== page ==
Saturday, September 20, 2014

Max Booth III Interview: Be Careful, He's made Stephen King Fans Rabid!


Max Booth III is the author of Toxicity and The Mind is a Razorblade. He’s the Editor-in-Chief of Perpetual Motion Machine Publishing and an ongoing columnist at Litreactor.com. He works as a hotel night auditor in a small town outside San Antonio, TX. Follow him on Twitter @GiveMeYourTeeth and visit him at www.talesfromthebooth.com.


Max not only is a man of macabre, he also has a quirky sense of humor. His latest piece on LitReactor, "Every Stephen King Novel Summarized in 140 Characters or Less", has gained the ire of rabid Stephen King fans, and the laughter of anyone who understands that it was actually a piece of satire. You know, humor? That thing that makes you laugh?

Anyways, I thought that it was hilarious. I guess some people don't understand sarcasm these days. You can read the article for yourself here: http://litreactor.com/columns/every-stephen-king-novel-summarized-in-140-characters-or-less

And yes, the Dean Koontz novels are listed on purpose. It's funny! Sheesh.


Here's the interview questions:

1. Tell us a little about yourself: How long have you been writing,what do you think are the best works you've had published to date, and why you enjoy writing horror?


MB: I've been writing since I was seven. Or maybe younger. Maybe older. My memory is pretty awful. Maybe I only started last month.

The best thing I've ever written? It hasn't been written yet. The best thing I will ever write is always the thing I am currently working on. However, I'm pretty fond of my debut novel, Toxicity, and, of course, The Mind is a Razorblade. Short story wise, though, I'd go with a story called "Video Nasties", which was published in Jamais Vu #1. It's the scariest and most disturbing thing I've ever written.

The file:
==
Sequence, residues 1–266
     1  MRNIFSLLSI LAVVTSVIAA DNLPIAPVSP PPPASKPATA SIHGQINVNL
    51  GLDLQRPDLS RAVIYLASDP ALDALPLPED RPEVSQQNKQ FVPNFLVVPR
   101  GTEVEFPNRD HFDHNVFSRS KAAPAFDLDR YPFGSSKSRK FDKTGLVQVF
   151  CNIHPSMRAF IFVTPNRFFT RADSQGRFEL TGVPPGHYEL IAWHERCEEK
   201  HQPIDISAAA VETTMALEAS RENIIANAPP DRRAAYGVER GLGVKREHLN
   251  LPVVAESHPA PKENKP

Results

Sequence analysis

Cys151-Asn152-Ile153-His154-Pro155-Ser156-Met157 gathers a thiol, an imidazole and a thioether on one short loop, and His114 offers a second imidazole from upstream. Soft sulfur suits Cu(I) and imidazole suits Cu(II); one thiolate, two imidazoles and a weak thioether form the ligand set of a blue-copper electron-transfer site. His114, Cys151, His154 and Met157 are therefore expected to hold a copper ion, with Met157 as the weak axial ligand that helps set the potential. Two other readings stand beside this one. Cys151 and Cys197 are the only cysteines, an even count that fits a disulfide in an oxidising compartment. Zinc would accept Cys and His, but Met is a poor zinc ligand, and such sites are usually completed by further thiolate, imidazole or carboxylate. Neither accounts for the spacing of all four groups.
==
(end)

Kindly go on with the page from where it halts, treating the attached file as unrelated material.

I enjoy horror because it is what I grew up reading and watching. Horror is not safe. Anything can happen. It's like a tornado to the imagination.


2. What is the latest book you've had published? Can you give us a plot synopsis or a brief overview of it? (can you give a release date, and where readers can find "The Mind is a Razorblade" to buy it?)



MB: The Mind is a Razorblade was released September 18, 2014 by Kraken Press. It's a horror neo-noir novel about a man born into death. Drowning, he wakes beside two corpses. His memory has been wiped clean. He doesn’t know his name, what he’s doing here, who these people are, or even why one of them is a cop. Nor can he explain his strange telekinetic abilities. Questions plague his mind like hellfire, questions that begin a journey leading into the rot of downtown America, a journey that will not end until every one of his questions have been answered, despite who has to die in the process. Even if those who have all the answers aren’t human.

link - http://www.amazon.com/Mind-Razorblade-Max-Booth-III-ebook/dp/B00N4CH76Q/ref=sr_1_1?ie=UTF8&qid=1409333230&sr=8-1&keywords=the+mind+is+a+razorblade


3. What do you want people to know about "The Mind is a Razorblade?" Is there something really unique happening to the main character? What horrible situation does he find himself in, and how hard does he have to fight to survive it?